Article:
Cornell Ration for Laying Hens

Cornell Ration for Laying Hens

Amount: Feed according to the appetite of the birds; no definite rule can be given. Feed scantily of grain in the morning and give all the grain they ...

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Amount: Feed according to the appetite of the birds; no definite rule can be given. Feed scantily of grain in the morning and give all the grain they will eat in the afternoon in time to find it before dark. There should be no grain in the litter at noon; when found, it indicates feeding too much in the morning. In general, feed by weight 2-3 parts of grain to 2 parts of mash. When the birds are laying heavily they should consume a larger amount of mash. Litter: Induce exercise by feeding all grain in dry, clean straw litter, 6 to 8 inches deep. The common straws, in their order of desirability, are wheat, oats, barley, rye and buckwheat; shredded or cut corn stalks; shavings or

QO NOT FAIL to attend the annual meeting of our association at Purdue University, Lafayette, Ind. the 3d week in August. PROCRAMS W I L L SOON BE AVAILABLE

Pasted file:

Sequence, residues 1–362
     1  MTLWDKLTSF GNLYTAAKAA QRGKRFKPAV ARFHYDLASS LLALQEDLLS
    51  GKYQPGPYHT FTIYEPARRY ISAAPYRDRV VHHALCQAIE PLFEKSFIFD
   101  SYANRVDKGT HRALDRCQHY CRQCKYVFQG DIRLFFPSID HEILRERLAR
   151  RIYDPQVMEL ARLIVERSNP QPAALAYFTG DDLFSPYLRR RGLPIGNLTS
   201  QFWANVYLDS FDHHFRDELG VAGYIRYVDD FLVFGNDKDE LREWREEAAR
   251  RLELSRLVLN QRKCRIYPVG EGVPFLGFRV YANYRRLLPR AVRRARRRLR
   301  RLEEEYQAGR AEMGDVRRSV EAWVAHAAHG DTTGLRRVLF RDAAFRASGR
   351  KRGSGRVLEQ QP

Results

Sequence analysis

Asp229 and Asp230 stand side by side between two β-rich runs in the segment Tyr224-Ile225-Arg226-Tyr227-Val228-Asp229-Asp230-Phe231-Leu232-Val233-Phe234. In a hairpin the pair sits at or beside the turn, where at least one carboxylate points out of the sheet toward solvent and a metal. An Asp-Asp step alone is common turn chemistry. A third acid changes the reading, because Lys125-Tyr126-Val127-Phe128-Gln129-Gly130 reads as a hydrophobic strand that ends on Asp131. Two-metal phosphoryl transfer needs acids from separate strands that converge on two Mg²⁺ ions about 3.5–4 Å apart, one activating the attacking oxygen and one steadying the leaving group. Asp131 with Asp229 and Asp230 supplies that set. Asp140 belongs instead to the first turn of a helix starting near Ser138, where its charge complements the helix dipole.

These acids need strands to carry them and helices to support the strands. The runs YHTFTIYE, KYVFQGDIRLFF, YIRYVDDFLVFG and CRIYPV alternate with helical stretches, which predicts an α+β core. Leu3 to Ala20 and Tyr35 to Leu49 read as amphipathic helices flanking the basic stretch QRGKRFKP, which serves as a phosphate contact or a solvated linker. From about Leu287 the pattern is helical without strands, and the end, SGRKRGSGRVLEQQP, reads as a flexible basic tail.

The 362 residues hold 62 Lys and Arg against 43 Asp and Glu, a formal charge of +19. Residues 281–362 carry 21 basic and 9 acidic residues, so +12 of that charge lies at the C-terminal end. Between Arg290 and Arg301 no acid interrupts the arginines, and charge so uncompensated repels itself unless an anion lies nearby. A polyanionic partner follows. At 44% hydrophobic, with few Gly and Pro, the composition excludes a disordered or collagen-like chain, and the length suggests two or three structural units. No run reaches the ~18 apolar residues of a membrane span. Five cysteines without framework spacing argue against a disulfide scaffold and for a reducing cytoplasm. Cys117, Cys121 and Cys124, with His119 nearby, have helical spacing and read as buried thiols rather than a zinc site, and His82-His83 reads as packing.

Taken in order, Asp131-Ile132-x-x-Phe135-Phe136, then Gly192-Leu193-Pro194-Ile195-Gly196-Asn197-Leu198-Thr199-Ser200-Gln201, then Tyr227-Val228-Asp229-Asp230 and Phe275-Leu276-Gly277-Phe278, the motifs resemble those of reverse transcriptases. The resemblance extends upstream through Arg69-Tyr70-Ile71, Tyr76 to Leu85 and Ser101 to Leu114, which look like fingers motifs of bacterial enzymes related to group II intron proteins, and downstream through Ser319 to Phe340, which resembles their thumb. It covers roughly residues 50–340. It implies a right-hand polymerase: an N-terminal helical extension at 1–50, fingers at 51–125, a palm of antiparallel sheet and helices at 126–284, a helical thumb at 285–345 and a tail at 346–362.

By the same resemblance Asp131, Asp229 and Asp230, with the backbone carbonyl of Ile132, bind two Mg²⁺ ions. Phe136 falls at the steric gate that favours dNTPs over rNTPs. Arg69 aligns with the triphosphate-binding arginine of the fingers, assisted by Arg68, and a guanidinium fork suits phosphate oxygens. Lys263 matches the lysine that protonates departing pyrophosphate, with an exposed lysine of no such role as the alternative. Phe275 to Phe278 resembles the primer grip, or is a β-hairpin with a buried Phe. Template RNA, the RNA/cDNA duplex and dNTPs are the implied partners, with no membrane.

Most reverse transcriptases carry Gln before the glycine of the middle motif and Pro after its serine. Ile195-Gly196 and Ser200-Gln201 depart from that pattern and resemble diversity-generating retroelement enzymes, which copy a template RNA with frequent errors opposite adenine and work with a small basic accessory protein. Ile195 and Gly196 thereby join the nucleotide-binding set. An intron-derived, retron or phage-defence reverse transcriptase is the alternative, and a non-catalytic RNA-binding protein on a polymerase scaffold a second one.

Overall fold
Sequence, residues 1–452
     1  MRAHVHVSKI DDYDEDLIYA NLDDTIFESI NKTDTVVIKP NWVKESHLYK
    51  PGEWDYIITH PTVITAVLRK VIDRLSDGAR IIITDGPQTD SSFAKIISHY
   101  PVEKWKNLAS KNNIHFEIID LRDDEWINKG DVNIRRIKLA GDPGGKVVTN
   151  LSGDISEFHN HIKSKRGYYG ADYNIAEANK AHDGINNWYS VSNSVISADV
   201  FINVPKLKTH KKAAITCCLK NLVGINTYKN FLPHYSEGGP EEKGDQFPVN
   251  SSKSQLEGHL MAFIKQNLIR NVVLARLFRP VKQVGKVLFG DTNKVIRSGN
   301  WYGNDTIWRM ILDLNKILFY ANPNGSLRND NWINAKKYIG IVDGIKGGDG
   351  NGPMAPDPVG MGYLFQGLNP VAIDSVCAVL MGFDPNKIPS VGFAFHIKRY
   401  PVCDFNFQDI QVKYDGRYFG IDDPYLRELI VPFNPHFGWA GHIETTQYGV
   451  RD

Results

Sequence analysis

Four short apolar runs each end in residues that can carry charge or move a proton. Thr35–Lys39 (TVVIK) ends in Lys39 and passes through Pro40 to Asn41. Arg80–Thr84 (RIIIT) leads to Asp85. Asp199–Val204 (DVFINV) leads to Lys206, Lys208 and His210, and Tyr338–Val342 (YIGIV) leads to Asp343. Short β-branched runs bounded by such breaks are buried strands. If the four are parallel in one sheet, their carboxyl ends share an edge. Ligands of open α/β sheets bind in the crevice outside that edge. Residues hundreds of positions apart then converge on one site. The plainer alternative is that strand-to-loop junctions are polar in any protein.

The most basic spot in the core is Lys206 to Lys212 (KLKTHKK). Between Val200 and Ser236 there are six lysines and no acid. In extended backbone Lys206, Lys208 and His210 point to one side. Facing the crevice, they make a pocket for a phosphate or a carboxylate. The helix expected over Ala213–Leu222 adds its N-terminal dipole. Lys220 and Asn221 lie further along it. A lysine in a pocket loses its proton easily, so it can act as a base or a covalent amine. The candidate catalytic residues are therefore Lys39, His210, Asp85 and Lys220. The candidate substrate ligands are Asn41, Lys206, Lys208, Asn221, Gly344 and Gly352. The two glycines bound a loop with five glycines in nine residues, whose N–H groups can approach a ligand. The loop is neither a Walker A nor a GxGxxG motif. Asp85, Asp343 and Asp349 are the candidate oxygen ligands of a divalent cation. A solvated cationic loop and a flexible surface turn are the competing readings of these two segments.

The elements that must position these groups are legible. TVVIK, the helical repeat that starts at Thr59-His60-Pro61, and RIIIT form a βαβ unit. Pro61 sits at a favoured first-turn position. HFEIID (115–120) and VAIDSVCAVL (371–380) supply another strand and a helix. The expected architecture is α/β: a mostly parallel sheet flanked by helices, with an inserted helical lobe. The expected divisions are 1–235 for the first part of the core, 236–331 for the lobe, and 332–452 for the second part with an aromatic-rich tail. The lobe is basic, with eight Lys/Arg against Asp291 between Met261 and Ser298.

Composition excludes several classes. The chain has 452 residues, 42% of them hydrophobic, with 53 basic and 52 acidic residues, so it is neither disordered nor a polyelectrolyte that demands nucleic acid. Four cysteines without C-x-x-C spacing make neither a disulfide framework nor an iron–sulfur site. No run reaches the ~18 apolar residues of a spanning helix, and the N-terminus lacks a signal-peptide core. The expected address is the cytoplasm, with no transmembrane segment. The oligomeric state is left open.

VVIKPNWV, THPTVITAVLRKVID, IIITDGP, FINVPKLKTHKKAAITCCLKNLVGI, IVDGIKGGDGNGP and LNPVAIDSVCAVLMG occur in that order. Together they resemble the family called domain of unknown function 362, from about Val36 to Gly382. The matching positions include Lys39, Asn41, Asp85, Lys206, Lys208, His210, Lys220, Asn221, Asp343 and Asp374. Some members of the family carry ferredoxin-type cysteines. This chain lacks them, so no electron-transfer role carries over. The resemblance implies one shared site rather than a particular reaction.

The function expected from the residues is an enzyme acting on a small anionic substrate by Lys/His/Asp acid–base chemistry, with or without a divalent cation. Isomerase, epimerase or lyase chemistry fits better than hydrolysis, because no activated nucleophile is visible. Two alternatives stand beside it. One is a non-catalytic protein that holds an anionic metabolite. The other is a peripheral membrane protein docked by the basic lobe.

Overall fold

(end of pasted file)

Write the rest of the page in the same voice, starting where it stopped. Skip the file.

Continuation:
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from the Department of Agriculture of leaves may be used where straw is not the Province of Nova Scotia. The entry available. All feed and litter should be fee is $5.00 per pen of five birds each"} strictly clean and free from mustiness, The entries are limited to 30 birds. The mold or decay. Serious losses frequentContest is to be run for a period of 48 ly occur from these sources due to the weeks. An area of land 394 feet by 110 spores which may deevlop into fungus feet, is devoted to the purposes of the molds in the lungs or intestines. Contest. The contest houses are 12 bj Green Feed: A green range of alfal12 feet square, each, provided with a fa, clover or grass furnishes the ideal yard 12 x 50 feet. This being the first condition. When these are not availvear of the Contest, no records of per- able it is necessary to give the birffs formance are available. some kind of succulent food. Mangel How About the Registry Council? ; beets, cabbage, sprouted oats or green are usually considered the best At our last annual meeting a resplur clover feeds. If thees are not obtaintion was passed authorizing the estab- 'green able, apples and potatoes make a valulishment of a Registry Council. able addition to the ration. Feed at nobn in such amounts as the birds will New York State College of Agrieul- .', up before night. This will require ture at Cornell University, Ithaca, N. about 35 to 40 pounds per week for 100 Y., Dept. of Poultry Husbandry. Stencil hens. Decayed or frozen feeds should No. 1418. , not be used as they are a common source of digestive disorders. CORNELL RATION FOR LAYING Grit and Oyster Shell: Hard, sharp HENS. grit is necessary for grinding feed; oyster shell to supply lime for egg shells. Scratch Grain Neither.,-will replace the other. (Formula 200) • Water: I dozen eggs contains about 500 pounds cracked corn 1 pint of water. Clean, fresh, pure 200 pounds barley water should be kept constantly before 200 pounds wheat .the" hensiand should be renewed a t least 100 pounds heavy oats once daily. Fed by hand morning and afternoon Moist Mash: Recommended only to in deep straw litter. ' hasten the development of late hatched Mash Mixture pullets or to help in keeping up egg (Formula 201) production of hens in late summer, espe100 pounds wheat bran cially those hens which are not to be 100 pounds wheat middlings used for breeders the following spring. 100 pounds corn meal Breeds: This ration is recommended 100 pounds ground oats or ground for all' .breeds but it is to be varied as barley to the method of feeding. In the case 100 pounds meat scrap 'of^.heavier varieties, feed more scantily 3 pounds salt of", grain in the morning and so enFed dry in hoppers. tourage exercise. FEEDING METHODS AND PRACTICE.